Articles | Volume 10, issue 11
Nat. Hazards Earth Syst. Sci., 10, 2269–2279, 2010
Nat. Hazards Earth Syst. Sci., 10, 2269–2279, 2010

  16 Nov 2010

16 Nov 2010

Mid-level synoptic analysis of flood-generating systems in South-west of Iran (case study: Dalaki watershed river basin)

A. A. Sabziparvar1, A. Parandeh2, H. Lashkari3, and H. Yazdanpanah4 A. A. Sabziparvar et al.
  • 1Faculty of Agriculture, Bu-Ali Sina University, Hamedan, 65174, I. R. Iran
  • 2Meteorological Research Centre, Esfahan, I. R. Iran
  • 3Department of Geography, University of Shahid Beheshti, Tehran, I. R. Iran
  • 4Department of Geography, University of Esfahan, Esfahan, I. R. Iran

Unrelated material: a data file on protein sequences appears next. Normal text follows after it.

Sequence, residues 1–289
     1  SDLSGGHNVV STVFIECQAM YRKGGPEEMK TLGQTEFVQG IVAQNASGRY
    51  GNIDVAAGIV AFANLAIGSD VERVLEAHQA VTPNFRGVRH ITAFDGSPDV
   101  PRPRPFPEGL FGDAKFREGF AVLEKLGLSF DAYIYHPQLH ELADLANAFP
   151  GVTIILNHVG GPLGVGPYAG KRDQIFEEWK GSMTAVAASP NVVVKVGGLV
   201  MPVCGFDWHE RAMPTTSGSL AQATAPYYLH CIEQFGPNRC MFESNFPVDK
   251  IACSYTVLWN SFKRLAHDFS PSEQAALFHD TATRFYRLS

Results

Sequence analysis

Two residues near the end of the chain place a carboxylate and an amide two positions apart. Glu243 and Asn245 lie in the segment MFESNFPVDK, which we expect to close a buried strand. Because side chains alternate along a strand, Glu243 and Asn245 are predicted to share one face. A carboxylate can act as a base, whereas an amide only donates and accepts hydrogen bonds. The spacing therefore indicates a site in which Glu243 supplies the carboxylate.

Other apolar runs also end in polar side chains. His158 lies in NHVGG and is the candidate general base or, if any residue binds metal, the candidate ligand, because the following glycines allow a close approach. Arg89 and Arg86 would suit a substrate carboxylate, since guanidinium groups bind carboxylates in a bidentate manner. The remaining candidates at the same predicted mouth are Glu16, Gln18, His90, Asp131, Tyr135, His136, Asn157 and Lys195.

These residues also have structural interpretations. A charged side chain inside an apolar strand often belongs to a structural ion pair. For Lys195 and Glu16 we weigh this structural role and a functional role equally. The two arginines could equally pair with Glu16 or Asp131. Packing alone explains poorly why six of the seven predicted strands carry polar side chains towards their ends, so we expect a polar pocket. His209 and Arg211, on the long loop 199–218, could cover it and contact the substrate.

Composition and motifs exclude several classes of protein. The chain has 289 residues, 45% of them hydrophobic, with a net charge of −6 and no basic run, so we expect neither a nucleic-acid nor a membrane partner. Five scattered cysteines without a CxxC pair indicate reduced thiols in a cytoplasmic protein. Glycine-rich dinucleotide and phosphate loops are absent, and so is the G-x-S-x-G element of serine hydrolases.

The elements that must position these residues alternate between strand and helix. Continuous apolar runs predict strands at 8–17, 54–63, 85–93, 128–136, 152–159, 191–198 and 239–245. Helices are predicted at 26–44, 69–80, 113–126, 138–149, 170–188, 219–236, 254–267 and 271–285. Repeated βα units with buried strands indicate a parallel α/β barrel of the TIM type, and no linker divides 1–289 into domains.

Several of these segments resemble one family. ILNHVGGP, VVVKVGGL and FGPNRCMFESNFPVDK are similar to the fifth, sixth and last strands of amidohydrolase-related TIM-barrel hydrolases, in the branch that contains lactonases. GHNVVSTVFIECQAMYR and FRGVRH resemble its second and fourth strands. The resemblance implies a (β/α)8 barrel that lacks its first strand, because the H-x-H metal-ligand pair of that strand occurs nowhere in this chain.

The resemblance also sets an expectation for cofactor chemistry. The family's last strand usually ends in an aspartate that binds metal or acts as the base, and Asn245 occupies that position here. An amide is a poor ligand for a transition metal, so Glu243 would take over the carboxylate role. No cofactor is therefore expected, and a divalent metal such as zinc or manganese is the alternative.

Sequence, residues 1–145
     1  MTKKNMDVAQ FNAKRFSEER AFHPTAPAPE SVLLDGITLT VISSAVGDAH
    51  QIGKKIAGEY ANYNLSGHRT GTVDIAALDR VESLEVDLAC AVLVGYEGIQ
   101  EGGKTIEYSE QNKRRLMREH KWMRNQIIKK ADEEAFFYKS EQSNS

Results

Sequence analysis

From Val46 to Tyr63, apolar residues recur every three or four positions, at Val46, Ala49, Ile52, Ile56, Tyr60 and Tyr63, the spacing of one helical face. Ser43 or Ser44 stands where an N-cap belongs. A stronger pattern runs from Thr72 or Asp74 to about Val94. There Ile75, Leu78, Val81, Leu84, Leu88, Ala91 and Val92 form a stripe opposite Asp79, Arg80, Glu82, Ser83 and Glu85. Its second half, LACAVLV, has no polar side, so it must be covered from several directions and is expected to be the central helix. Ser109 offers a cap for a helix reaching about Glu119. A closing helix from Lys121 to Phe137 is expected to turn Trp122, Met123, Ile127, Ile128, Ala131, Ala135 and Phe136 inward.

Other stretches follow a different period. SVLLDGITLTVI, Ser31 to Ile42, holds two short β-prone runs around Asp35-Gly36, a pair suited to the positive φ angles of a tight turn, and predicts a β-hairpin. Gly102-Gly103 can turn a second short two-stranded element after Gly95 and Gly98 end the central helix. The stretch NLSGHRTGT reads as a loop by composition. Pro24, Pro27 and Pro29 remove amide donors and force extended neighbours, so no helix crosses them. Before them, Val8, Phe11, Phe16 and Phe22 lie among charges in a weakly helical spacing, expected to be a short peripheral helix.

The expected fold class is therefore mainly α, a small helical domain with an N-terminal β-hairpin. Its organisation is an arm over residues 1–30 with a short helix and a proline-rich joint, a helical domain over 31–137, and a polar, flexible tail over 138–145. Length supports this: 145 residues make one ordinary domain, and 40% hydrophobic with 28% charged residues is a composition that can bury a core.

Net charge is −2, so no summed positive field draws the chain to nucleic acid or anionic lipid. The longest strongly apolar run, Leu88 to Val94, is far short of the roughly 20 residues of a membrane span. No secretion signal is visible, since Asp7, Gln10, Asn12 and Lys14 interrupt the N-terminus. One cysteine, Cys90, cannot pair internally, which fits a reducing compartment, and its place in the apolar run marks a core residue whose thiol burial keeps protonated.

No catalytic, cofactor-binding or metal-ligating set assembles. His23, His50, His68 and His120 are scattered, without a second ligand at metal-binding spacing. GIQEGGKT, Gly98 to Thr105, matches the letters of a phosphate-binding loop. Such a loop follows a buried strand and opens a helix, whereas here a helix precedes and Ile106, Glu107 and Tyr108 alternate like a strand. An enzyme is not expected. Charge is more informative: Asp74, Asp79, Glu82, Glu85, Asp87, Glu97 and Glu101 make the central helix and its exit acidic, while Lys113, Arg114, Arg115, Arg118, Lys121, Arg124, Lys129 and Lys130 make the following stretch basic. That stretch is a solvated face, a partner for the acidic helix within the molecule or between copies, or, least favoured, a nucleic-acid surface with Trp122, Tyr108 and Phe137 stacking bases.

Abstract. Flood is known as one of the most distractive natural disaster worldwide. Therefore, its prediction is of great importance from the socio-economical point of view. Despite the great improvement in computational techniques and numerical weather prediction approaches, so far, in Iran, an acceptable flood prediction method has not yet been introduced. The main aim of this study is to recognize and classify the patterns of synoptic systems leading to torrential rainfalls in a watershed basin located in south-west of Iran. In this research, 20 major floods characterized by high rainfall intensities and severe damage were selected. The pattern, extension, and the direction of movement of the selected synoptic maps from surface to 500 hPa pressure levels were identified. Furthermore, the position of cyclones, anti-cyclones and mid-level trough lines were carefully tracked and classified into different groups. The results show that the major severe floods occurring in Dalaki watershed river basin are mainly influenced by strengthening of the center of Sudan heat low (SHL) and the coincidence moisture feeding by the Indian Ocean and Mediterranean Sea. It was found that simultaneous merging of the SHL system and Mediterranean frontal system would intensify the flood intensities over the basin. The mean positions of high pressures, low pressures, the Red Sea trough lines and 1015 hPa isobars of the major floods are also discussed.